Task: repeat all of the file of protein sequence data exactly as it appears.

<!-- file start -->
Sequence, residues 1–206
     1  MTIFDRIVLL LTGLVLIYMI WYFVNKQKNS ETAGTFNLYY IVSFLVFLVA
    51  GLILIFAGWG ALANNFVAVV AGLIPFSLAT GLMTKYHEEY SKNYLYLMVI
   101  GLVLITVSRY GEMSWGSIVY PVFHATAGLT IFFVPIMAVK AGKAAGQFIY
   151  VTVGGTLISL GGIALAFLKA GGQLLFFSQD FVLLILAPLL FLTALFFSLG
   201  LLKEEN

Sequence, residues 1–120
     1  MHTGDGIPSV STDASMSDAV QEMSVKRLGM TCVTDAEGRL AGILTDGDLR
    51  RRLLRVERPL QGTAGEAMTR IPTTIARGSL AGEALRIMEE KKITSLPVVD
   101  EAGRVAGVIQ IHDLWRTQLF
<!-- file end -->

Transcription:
Sequence, residues 1–206
     1  MTIFDRIVLL LTGLVLIYMI WYFVNKQKNS ETAGTFNLYY IVSFLVFLVA
    51  GLILIFAGWG ALANNFVAVV AGLIPFSLAT GLMTKYHEEY SKNYLYLMVI
   101  GLVLITVSRY GEMSWGSIVY PVFHATAGLT IFFVPIMAVK AGKAAGQFIY
   151  VTVGGTLISL GGIALAFLKA GGQLLFFSQD FVLLILAPLL FLTALFFSLG
   201  LLKEEN

Sequence, residues 1–120
     1  MHTGDGIPSV STDASMSDAV QEMSVKRLGM TCVTDAEGRL AGILTDGDLR
    51  RRLLRVERPL QGTAGEAMTR IPTTIARGSL AGEALRIMEE KKITSLPVVD
   101  EAGRVAGVIQ IHDLWRTQLF